Posted by Ryan Howard on Fri, Sep 01, 2017
If your business is hiring new employees, there are certain steps to follow to ensure a smooth process for both employer and job seeker. Employers are legally regulated to prevent hiring discrimination, maintain security and privacy of an applicant's information, and provide a safe workplace environment. If a candidate is not hired, especially due to the results of a background check, they could take an employer to court if the hiring process wasn't ethical or compliant. Hiring the wrong employees consumes more resources leading to lower employee morale and more time and money required to recover from employee turnover.
To conduct compliant employee background checks on new hires, we've compiled this easy-to-follow guide.
How to conduct compliant employee background checks
1. Know the estimated cost of each screening report and establish a budget based on your annual turnover and new hires.
Before hiring new employees, your business should have an expectation of how many employees they will be hiring each year. Is the business plan to continue growth or downsize the company? Is there a high turnover rate in your industry or business? Are you hiring international employees?
With regards to cost of a background check, the costs will vary based on which reports will be run and if there are additional access fees for those reports. We've written a separate post detailing the general cost of a background check.
2. Identify the types of background checks you’ll need and create standard screening packages for each job function or department. Job relatedness and consistency are key.
The best way to determine the cost of a background check is to understand which screens are relevant to your new hires. Every job function or department is different and may require different levels of security checks or skills. As an example, if your new hire will not be driving, you may not require an examination of their driving record. The best way to keep background check costs down is to implement a job-related screening process. This process will prevent hiring managers from running unnecessary background checks, create efficiency and consistency.
3. Provide the candidate / employee with the proper Consent and Disclosure forms.
Before screening any new hires or employees, they must give written consent because their privacy rights are protected under the Fair Credit Reporting Act (FCRA). The disclosure and consent forms must be separate from the job application and clearly state that the applicant is giving authorization for an employer to run a background check. The employer must also make clear that the information obtained in the background check will be used in the decision to hire or not hire. The applicant must also be given a copy of their Summary of Rights under the FCRA. VeriFirst offers a free applicant consent portal so the consent and screening process is done completely online.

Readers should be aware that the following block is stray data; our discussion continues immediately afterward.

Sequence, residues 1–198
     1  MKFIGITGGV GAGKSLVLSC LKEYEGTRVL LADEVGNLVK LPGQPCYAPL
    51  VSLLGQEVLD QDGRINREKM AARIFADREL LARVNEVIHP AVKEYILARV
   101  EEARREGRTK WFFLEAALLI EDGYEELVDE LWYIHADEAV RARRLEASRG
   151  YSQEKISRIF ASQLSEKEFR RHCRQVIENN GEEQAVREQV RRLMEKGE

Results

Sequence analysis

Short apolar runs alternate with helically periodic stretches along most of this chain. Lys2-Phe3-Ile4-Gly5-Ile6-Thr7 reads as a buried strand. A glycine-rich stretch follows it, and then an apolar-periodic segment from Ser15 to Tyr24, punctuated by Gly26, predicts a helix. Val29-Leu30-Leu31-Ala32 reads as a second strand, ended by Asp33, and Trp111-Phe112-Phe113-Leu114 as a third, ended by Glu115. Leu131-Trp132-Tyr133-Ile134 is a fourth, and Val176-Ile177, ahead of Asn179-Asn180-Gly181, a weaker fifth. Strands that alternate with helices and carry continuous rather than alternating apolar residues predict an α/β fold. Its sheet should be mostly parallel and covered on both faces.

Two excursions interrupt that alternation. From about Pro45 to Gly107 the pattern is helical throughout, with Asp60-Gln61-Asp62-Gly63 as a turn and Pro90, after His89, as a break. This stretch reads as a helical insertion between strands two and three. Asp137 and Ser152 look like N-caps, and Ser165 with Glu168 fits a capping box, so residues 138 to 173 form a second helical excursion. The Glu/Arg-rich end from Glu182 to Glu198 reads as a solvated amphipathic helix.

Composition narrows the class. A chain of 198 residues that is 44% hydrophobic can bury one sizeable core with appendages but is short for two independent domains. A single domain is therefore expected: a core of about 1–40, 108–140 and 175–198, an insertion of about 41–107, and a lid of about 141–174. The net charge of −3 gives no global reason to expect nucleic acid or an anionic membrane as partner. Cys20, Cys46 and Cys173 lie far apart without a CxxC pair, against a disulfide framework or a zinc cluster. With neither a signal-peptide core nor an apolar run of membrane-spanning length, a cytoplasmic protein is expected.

4. Run the report.
The best way to obtain background screening reports is to work with a professional screening company. To determine the best partner, do some research on each background check company, including looking at their background. A full-service background check provider will adhere to FCRA compliance as well as verify the data they provide your company is accurate and reliable. An accredited and experienced partner will offer transparency to the screening process, including suggestions to improve the timeliness of the reporting.
5. Review results for accuracy.
If the new hire's potential to work for your company is dependent on a background check, the report must be accurate. Your full-service screening partner should be able to verify the data as well as explain how to read a background check.
6. If the report is clear or otherwise meets your hiring criteria, your work is done.
Congratulations! Your new hire has passed all screening requirements set forth by your business to be hired as an employee. Workforce eligibility is the next step in the process (move on to step 8). The onboarding process can begin.
7. If the report contains results that disqualify your candidate and you choose to deny employment or promotion, this is called Adverse Action.
Employers must follow the FCRA regulations for notifying the applicant or employee of Adverse Action. A Pre-Adverse notice will need to be sent to the applicant and include a copy of the completed background screening report and their FCRA Summary of Rights. This notice informs the candidate that something on their background check has raised a red flag in your hiring process and gives them time to dispute the data. If the candidate does not dispute the results after 5 business days, the next step is to send them a final Adverse Action notice informing them that they will not be hired.
8. Onboarding and verification of workforce eligibility.
Employers are required to verify an applicant's eligibility to work in the United States. Form I-9 is typically used for this but many employers will use an electronic goverment program called E-Verify. E-Verify is an online interface for employers to the USCIS (U.S. Citizenship and Immigration Services) database to reduce hiring of illegal immigrants. Full service screening agencies may offer workforce eligibility in addition to typical background checks. VeriFirst is a certified employer agent with the U.S. Department of Homeland Security and USCIS and includes the service as part of our integrated applicant consent portal and background check platform.
To add more ease and compliance into your hiring process, watch the video below to learn more about VeriFirst's ComplianceCloud portal.